Jackman, R.J., Duffy, D.C., Cherniavskaya, O. & Whitesides, G.M. Using elastomeric membranes as dry resists and for dry lift-off. Langmuir 15, 2973– 2984 (1999).
Mylin, L.M., Hofmann, K.J., Schultz, L.D. & Hopper, J.E. Regulated GAL4 expression cassette providing controllable and high-level output from high-copy galactose promoters in yeast. Methods Enzymol. 185, 297–308 (1990).
Higgins, D.G., Thompson, J.D. & Gibson, T.J. Using CLUSTAL for multiple sequence alignments . Methods Enzymol. 266, 383– 402 (1996).
Gonnet, G.H., Cohen, M.A. & Benner, S.A. Exhaustive matching of the entire protein sequence database. Science 256, 1443– 1445 (1992).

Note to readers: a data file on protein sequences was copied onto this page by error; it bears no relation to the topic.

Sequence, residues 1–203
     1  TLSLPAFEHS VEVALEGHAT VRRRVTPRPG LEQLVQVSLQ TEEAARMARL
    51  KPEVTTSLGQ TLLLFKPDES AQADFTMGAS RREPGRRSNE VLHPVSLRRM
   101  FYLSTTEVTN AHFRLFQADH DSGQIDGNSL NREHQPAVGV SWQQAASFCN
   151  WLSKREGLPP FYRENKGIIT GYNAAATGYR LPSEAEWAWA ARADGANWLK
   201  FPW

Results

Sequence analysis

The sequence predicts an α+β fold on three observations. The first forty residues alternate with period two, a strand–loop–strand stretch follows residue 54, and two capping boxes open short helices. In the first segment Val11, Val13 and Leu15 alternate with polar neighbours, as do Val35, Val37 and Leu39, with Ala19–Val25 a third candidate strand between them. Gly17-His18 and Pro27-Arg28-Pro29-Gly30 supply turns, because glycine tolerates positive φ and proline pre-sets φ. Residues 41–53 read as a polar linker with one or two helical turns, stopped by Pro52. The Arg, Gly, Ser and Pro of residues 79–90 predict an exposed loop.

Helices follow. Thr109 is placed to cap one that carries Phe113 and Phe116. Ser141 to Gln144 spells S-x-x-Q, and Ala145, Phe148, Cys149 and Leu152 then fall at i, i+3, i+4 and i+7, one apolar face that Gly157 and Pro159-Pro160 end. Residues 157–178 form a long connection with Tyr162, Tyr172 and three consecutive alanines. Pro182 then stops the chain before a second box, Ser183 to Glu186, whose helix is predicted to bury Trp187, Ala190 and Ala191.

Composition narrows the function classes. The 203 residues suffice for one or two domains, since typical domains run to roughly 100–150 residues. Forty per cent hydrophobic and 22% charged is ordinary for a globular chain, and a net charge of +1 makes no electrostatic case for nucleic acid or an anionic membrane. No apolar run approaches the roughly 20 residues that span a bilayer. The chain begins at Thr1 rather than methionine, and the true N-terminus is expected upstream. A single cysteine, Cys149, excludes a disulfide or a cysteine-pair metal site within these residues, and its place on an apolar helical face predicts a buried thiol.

Bairoch, A. & Apweiler, R. The SWISS-PROT protein sequence data bank and its supplement TrEMBL. Nucleic Acids Res. 27, 49–54 ( 1999).
Barker, W.C. et al. The PIR-International Protein Sequence Database. Nucleic Acids Res. 27, 39–43 (1999).
Benson, D.A. et al. GenBank. Nucleic Acids Res. 27, 12–17 (1999).
Lipman, D.J. & Pearson, W.R. Rapid and sensitive protein similarity searches. Science 277, 1435–1441 (1985).
Pearson, W.R. & Lipman, D.J. Improved tools for biological sequence comparison. Proc. Natl Acad. Sci. USA 85, 2444–2448 (1988).
Dayhoff, M.O., Schwartz, R.M. & Orcutt, B.C. A model of evolutionary change in proteins . in Atlas of Protein Sequence and Structure (ed. Dayhoff, M.O.) 345–352 (National Biomedical Research Foundation, Washington DC, 1978).
Hanks, S.K. & Hunter, T. Protein Kinases 6. The eukaryotic protein kinase superfamily: kinase (catalytic) domain structure and classification. FASEB J. 9, 576– 596 (1995).